Helpful tips when working from home

An open laptop sitting on a desk with a window in the background

Structure your day as you would in the office, keep your breaks, and work to your collective agreement

Keep your morning routine – do all the things you would normally do to get ready to go to the office. Start work at your normal time, take your breaks at your normal time, and end your day at your normal time.

It can be easy to blur the lines between work life and home life. Set a reminder on your phone to take your coffee and lunch breaks, and to finish at your regular time. You won’t be able to see your co-workers packing up at the end of each day so it’s important to have a trigger to know when your work day is over.

Work when you are most productive

Know your own rhythm, and work to it. If you are most productive in the morning, work on your big tasks then and save the smaller ones for when your energy is lower.

Use technology to stay connected

You might be working on your own, but you are not alone. Reach out to your work leader to check in, and talk to your coworkers. Use a video option whenever possible so that you can remember what your colleagues look like!

Communicate, communicate, communicate

In addition to staying connected with colleagues, make sure you communicate with the people you live with a bout your expectations while you’re working. Let them know that you need quiet working space, especially if they are coming in and out of your work area. This is particularly important if you are in a virtual meeting or conference call.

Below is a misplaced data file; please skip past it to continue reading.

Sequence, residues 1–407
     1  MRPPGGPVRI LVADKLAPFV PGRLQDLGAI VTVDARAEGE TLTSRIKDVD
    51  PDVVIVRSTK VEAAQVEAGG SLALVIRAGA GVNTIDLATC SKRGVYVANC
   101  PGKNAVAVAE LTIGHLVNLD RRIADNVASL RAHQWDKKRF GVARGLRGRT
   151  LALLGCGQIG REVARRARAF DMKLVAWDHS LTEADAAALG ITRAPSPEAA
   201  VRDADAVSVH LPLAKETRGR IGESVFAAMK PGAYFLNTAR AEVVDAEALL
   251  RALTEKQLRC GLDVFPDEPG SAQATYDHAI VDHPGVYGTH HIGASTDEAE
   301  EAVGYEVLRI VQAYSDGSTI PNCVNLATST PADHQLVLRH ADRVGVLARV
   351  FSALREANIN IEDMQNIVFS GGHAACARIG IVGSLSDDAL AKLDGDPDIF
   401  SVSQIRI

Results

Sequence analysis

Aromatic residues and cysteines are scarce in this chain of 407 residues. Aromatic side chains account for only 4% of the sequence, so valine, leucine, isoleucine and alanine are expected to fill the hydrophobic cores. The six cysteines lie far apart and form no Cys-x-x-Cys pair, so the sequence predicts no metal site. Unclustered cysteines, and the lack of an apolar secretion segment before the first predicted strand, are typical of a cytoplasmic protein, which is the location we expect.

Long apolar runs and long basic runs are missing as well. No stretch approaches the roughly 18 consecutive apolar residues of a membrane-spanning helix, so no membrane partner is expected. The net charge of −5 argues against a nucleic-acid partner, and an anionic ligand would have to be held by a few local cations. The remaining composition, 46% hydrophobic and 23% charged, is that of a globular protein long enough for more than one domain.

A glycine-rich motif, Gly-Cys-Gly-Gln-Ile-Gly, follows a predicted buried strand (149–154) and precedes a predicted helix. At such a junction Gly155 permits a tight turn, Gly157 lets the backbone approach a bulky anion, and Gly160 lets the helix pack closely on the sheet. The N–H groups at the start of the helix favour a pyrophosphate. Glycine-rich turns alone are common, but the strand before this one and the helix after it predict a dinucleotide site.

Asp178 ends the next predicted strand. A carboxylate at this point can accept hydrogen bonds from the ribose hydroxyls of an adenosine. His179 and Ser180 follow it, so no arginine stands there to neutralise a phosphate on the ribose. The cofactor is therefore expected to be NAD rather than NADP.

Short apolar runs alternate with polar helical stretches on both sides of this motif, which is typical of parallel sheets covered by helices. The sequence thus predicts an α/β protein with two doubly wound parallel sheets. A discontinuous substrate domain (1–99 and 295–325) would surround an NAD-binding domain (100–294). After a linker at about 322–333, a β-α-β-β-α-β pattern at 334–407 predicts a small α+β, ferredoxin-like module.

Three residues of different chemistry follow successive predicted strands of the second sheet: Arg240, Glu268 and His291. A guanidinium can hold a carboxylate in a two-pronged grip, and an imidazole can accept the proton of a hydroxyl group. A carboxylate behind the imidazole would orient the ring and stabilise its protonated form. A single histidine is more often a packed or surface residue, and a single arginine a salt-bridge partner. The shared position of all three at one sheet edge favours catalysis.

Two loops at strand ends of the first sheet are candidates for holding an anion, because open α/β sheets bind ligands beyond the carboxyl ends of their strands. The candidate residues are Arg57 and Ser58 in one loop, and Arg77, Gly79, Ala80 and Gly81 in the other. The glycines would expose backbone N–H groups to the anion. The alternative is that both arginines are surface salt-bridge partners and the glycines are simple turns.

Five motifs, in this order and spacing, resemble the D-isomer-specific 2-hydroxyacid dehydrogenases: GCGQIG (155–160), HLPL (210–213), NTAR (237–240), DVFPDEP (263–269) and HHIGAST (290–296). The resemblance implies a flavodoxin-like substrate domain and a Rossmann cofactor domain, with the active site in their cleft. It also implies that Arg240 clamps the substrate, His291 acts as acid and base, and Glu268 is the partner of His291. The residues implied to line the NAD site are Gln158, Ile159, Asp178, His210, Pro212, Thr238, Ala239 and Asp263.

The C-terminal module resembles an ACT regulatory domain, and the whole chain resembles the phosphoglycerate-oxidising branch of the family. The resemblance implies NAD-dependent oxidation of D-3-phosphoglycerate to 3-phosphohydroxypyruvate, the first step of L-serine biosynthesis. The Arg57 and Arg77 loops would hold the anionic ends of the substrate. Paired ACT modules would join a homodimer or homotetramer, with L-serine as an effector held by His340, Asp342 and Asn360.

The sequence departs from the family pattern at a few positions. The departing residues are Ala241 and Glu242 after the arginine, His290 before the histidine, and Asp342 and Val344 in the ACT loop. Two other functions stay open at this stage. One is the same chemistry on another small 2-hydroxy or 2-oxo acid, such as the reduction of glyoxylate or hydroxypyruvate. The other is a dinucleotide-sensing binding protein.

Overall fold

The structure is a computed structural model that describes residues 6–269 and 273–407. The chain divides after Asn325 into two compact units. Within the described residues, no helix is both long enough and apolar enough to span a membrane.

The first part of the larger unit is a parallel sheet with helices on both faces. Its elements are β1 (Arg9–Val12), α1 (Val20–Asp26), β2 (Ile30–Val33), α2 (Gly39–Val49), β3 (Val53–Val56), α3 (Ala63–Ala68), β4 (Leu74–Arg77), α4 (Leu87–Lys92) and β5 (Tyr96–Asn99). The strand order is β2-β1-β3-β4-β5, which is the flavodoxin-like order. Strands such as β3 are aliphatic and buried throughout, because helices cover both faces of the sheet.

Closing your door to your work area, if you have one, is a good way of indicating you don’t want to be disturbed.

What does Occupational Health & Safety (OH&S) law say about employer obligations?

Under OH&S law, the employer has certain obligations to employees who are working from home. These include the obligation to check in on you while you work from home, develop protocols for evacuating your home in case of emergency, and ensure you have the information you need to set up your workstation at home with proper ergonomics. You can find more details by clicking here.

Your employer does not have the right to enter your home. They do, however, have to be duly diligent to ensure you are safe working from home. This can take many forms.

Making your workstation work

The main goal with workstation set up is to prevent musculoskeletal injury. WorkSafeBC’s How to make your computer workstation fit you publication is a good guide to review.

Employers may send out a checklist (see pages 26-29 of the guide) as a way to ensure proper workstation set up. Adjusting your chair, checking your posture (see pages 4-5 of the guide), using a footrest, and taking stretching breaks are important considerations.

You need to be creative with setting up your workstations so that they are ergonomically sound. If you require certain specific equipment, you should request this from your employer. It is important to be reasonable with these requests.

Remember that, even at home, you should still report workplace injuries. You have a duty to follow safe work procedures.

If you have any questions, contact your union representative or Barb Gibson, Workers Compensation Appeals Representative, at